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This spring, two fellows from the Eric and Wendy Schmidt AI in Science Postdoctoral program led the charge in organizing and running a Hackathon to tackle pressing research questions using AI and machine learning. A hackathon is a portmanteau of the words ‘hacker’ and ‘marathon,’ where participants come together to work on a programming challenge as a team, hoping to solve the problem within a short span of time. In this case, fellows Colm Talbot and Ludwig Schneider had two particular challenges in mind.

Participants of the first-ever AI+Science hackathon

For the first-ever fellow-led hackathon, fifty-five individuals signed up to participate. Participants were split into two projects. The first project focused on molecular modeling using Graph Neural Networks (GNNs) to predict interactions within molecules. The second project was on using classification, regression, and generative modeling to understand the lives and deaths of massive stars. Once participants were split among the two projects, they were placed in teams of four, competing to solve their respective challenges before the end of the week.

Learn more about each of the projects, and winning teams, below:

Unlocking the Secrets of Molecules with AI

Ludwig Schneider, project creator, with winners from the left: Setu Loomba, Juhae Park, Cesar Castro, Josh Rauvola, Stephan Ihle

Diving into the world of molecular modeling, where atoms and bonds form the essence of everything around us, participants were challenged to decipher these microscopic puzzles using the power of Graph Neural Networks (GNNs). Teams applied GNNs to model molecules as complex graphs, drawing insights from the vast ChEMBL database. More than just creating simulations; the challenge was about pioneering a future where we understand the very fabric of molecular behavior.

Ludwig Schneider led this challenge, stating, “it was exciting to see the different ideas and approaches to the challenges from the teams.” Twenty-four participants took part in the molecular challenge, with the winning team consisting of members Juhae Park, César A. Castro Rubio, Josh Rauvola, and Setu Loomba.


Predicting the Lives and Deaths of Stellar Binaries

Stellar project winning team members, Meera Dasgupta and Gwen Sheley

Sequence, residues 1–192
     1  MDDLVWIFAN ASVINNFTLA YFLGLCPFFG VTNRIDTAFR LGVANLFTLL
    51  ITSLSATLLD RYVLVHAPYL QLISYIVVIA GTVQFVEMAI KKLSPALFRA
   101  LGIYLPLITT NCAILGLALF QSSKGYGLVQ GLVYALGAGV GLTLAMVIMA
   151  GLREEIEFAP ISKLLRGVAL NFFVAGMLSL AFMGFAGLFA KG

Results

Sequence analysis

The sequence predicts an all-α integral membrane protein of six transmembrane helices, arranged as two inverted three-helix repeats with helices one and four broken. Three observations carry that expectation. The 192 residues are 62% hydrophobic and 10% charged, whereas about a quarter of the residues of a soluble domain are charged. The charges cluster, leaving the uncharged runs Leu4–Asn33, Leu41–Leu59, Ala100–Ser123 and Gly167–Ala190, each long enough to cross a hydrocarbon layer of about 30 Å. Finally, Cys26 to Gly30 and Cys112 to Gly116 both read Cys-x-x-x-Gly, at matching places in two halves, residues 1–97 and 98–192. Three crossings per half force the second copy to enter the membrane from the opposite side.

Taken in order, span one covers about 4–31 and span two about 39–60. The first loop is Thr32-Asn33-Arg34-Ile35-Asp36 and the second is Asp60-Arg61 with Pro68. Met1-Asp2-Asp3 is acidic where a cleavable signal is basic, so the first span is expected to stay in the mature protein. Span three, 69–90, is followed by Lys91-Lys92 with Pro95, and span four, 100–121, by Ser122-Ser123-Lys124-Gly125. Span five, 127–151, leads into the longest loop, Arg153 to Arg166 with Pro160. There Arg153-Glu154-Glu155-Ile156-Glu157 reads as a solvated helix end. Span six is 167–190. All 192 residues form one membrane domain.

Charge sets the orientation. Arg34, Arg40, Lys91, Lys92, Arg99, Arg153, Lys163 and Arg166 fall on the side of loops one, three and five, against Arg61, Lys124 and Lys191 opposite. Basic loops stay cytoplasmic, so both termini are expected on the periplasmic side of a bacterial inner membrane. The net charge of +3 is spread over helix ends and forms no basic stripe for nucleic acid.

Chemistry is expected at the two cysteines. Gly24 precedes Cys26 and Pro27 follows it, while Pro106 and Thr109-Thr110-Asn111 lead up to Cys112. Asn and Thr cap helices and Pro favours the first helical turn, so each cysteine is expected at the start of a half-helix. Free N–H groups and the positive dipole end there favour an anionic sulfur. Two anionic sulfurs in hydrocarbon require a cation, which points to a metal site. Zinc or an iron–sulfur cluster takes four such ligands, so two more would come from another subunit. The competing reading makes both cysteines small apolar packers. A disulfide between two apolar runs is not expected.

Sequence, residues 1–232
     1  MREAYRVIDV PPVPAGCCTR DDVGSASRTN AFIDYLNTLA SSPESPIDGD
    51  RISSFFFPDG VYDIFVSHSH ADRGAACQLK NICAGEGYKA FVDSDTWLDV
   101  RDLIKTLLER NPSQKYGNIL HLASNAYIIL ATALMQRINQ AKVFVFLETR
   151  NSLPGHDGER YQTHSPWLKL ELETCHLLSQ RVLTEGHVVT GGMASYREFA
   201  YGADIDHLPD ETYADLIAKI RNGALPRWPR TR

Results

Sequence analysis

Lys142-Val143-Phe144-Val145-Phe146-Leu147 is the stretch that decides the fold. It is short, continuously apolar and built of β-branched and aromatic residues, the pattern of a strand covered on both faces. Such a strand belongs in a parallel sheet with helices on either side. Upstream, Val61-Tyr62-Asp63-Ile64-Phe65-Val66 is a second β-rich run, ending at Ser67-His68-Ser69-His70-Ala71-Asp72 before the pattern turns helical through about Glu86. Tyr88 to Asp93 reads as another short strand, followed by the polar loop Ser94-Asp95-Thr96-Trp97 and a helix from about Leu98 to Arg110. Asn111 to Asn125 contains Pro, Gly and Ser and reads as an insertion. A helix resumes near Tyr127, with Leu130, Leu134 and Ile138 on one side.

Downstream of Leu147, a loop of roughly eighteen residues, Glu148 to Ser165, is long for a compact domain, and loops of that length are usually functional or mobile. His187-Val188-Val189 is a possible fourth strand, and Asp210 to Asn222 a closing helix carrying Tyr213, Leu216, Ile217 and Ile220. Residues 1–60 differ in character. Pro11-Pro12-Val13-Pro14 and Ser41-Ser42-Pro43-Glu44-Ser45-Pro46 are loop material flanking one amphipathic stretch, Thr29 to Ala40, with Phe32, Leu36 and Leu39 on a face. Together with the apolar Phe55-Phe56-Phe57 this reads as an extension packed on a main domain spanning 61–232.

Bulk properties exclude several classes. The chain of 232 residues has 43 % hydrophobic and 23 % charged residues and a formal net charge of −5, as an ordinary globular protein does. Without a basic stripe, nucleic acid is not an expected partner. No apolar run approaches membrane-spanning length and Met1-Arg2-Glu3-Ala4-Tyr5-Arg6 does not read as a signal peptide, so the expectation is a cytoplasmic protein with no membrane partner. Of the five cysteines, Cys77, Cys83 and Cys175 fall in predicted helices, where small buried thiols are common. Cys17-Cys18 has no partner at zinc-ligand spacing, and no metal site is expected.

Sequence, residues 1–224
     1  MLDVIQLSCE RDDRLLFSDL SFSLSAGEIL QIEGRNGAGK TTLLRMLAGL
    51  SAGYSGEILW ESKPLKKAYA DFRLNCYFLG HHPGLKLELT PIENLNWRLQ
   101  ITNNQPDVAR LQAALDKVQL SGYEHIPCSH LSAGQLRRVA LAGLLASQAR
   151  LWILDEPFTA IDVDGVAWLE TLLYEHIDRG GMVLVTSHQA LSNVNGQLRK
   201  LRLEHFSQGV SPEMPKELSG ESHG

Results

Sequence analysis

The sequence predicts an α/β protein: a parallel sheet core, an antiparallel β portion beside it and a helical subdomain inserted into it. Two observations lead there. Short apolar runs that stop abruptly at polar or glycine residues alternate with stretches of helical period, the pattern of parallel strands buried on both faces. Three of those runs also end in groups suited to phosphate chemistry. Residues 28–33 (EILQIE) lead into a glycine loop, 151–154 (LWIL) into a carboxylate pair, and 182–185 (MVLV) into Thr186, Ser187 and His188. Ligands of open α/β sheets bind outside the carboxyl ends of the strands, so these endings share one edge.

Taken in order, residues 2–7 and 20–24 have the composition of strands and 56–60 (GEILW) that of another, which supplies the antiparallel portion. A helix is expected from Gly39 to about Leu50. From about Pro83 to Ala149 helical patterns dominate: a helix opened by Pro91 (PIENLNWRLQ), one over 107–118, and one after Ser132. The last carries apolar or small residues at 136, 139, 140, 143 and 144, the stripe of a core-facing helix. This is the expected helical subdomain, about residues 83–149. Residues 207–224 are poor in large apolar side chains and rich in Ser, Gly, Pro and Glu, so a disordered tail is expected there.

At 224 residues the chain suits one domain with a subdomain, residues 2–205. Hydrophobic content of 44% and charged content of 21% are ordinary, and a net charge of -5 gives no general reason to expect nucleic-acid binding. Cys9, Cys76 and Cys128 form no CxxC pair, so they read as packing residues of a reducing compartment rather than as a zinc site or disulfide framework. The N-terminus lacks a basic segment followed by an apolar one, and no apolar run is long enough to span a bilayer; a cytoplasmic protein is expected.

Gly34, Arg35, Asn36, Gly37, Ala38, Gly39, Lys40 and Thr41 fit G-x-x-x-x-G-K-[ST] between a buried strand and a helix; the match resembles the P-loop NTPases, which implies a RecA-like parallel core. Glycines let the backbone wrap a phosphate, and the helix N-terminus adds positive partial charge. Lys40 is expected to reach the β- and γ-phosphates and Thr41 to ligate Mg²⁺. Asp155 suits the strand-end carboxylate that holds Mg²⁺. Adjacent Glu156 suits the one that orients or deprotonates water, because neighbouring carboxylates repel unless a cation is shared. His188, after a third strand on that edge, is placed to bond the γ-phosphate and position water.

Most stars in the Universe have at least one companion, with the most common configuration being pairs. Astronomers observe these binaries at all stages of their lives to learn about the physical processes underlying their evolution. These observations are then compared with theoretical predictions from computationally expensive simulations known as ‘population synthesis.’ The goal of the second project was to develop novel ways to explore the outputs of these simulations.

“It was great to see the wide range of methods that the teams employed to tackle the problems,” said lead organizer Colm Talbot. “Some teams independently explored the domain-specific literature to explain the important features in the training data. I was really impressed by the level of physical understanding of the problem they developed in just a few days.” The winning team for this challenge included Gwen Sheley, Nikhil Patel, and Meera Dasgupta.

Organizers Schneider and Talbot were thankful to their fellow organizers and mentors from the Eric and Wendy Schmidt AI in Science Postdoctoral Fellowship (Aditya Nandy, Jordan Shivers, Chris Redmond, Ritesh Kumar, PhD, Adam Fouda, Stephan Ihle, Yihang Wang,, Anthony Badea, and Peter Lu) and to Simona Ahmed, Mark Schulze, David Freedman, and the UChicago Data Science Institute for making this event possible.

Additional thanks to Pedram Esfahani from the Research Computing Center (RCC) for providing access to the Midway computing resource for this event.